Money, the mother’s milk of politics, is given by lobbyists, mostly to incumbents. So, what’s wrong with this?
The conventional answer is that it creates the impression that politicians are on the take. And, as we know, in politics, impressions – or is that “appearances?” – are determinative.
Here in Connecticut, some politicians have been sunk by the “appearance of corruption” torpedo, but others who frequently have accepted campaign contributions from lobbyists affected by legislation they promote have escaped serious injury.
U.S Sen. Chris Dodd says that his contributors, many from the financial sector, do not affect how he votes on issues. Contributors apparently send money to the senator as an expression of political solidarity: It is not the contribution that occasions the vote, but the vote that occasions the contribution. It’s very important in these matters to get the right horse in front of the right cart.
There are critics of campaign finance reform who say that the reforms create distortions in the political market place and do little to combat corruption. The reform cure very well may be worse than the disease.
There are hurdles to be overcome, not the least of which is a Supreme Court decision that campaign contributions are an inviolable form of free speech protected by the Constitution. However, that hurdle may gingerly be surmounted by a court prone to fanciful interpretation.
And there are other obstacles. The campaign finance reform plans now afoot all drive political parties from adequately financing politics. One school of thought holds that transparency – the publication of contributions and contributors – may be the least disruptive means of preventing incumbent politicians from falling down the rabbit hole of corruption.
The real obstacles to a healthy turnover of incumbents, according to this view, is not the stranglehold lobbyists have on political financing but gerrymandered districts, a media that fears to upset powerful incumbents they have conscripted to press their views, and the refusal to eliminate those means of filling campaign coffers incumbents do not wish to surrender – campaign revenue from ad-books, for example.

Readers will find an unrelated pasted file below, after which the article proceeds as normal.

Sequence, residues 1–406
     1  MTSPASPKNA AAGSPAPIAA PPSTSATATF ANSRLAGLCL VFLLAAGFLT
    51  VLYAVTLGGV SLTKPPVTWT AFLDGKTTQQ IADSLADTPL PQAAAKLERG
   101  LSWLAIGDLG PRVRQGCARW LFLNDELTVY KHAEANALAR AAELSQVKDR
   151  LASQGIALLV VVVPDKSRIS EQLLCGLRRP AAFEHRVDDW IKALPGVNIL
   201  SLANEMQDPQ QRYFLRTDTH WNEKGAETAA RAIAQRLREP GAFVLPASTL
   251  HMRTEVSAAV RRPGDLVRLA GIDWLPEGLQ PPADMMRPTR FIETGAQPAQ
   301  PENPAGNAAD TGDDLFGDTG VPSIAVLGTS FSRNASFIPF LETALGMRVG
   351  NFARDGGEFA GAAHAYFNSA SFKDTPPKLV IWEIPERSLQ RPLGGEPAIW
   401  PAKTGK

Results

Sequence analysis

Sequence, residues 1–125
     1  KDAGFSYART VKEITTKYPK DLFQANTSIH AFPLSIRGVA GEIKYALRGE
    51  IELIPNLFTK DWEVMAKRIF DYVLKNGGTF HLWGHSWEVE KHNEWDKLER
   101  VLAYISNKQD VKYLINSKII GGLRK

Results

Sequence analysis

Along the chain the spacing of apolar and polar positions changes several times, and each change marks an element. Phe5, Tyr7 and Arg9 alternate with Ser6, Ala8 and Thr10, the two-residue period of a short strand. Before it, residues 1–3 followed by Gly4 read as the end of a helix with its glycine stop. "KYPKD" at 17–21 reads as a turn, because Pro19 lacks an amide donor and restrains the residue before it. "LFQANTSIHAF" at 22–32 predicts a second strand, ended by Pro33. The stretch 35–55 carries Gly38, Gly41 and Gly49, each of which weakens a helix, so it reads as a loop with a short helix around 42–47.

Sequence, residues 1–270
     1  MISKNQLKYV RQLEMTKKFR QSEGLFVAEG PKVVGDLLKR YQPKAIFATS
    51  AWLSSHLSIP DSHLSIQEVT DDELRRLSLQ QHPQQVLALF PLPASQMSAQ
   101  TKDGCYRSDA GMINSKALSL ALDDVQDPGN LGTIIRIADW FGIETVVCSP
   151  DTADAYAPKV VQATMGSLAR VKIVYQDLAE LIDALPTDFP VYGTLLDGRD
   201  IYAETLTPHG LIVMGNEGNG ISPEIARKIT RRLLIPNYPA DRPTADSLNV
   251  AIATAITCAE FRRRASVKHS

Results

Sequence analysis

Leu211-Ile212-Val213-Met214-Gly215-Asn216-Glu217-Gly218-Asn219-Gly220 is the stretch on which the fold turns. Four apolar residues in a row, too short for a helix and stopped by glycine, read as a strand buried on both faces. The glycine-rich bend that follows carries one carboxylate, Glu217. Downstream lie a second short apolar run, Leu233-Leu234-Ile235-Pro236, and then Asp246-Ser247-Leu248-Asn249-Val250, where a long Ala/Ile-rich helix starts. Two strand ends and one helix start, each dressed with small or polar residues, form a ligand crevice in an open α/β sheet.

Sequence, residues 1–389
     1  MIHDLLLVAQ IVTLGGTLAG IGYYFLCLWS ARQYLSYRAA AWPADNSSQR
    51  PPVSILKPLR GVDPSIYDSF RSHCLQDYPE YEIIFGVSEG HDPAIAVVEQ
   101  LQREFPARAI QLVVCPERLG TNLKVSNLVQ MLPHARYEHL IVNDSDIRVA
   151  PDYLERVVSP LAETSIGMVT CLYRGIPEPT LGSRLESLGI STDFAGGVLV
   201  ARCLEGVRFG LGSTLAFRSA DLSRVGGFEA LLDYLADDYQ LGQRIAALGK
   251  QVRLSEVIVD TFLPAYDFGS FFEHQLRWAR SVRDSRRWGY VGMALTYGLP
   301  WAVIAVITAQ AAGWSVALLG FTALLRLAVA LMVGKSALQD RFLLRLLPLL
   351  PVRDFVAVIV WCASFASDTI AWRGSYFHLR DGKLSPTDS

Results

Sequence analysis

Money, like water, will always find a way. National campaign finance reform succeeded in depriving political parties of necessary funds; but it is largely responsible for the mushrooming of extra-party organizations that water ideological fellow travelers with cash. Not a good thing, say those who continue to believe that political parties are indispensable in functioning democracies.
The struggle in Connecticut appears to be waged between a chastened Gov. Jodi Rell, lifted into office after former Governor John Rowland’s resignation, and a Democratic controlled legislature that has turned a baleful eye on campaign finance reform.
That view is partly true. Leading Democrats have in the past supported the public financing of campaigns – at least, they’ve given lip service to the notion. They were taken by surprise – routed, actually – when Rell came out publicly in favor of the idea. But Rell linked public financing with other reforms, less desirable from their point of view, that will not bode well for incumbents: She proposed, for instance, a ban on contributions from contractors and others who do business with the state, as well as an end to ad-books.
That hurt! It was a spear through the heart of the mostly Democratic incumbentocracy. In fact, any reform, however ill advised, disturbs the status quo. Therefore, any reform will give a temporary advantage to Republicans.
Unsurprisingly, there is an understandable resistance to effective reform from all the usual suspects. Three groups are engaged in the battle, which may cross party lines.
The first group are those professing reform for reform’s sake. This group is convinced that the whole body of reforms will drive the devil of corruption from Connecticut’s politics. Members in good stranding are Andy Sauer, the executive director of Common Cause, energetic reform minded Democrats such as state Rep. Christopher Caruso, Republican well-wishers who hope that some reforms proposed by Rell will serve as a poison pill for Democrat incumbents, and the governor, who thinks certain kinds of contributions are corrupting, an odd confederation of interests.
The second group are incumbents who wish to retain their campaign advantages.
And the third group, negligible at this point, are those who want a healthy turnover in state government. They see rotation in office as one of the safeguards that insure, if not a pristine, perhaps a competent and responsive government.
In any rational politics, this last sober and sane group would carry the day. But no one should hold his breath waiting for sanity to shower Connecticut’s parched republic.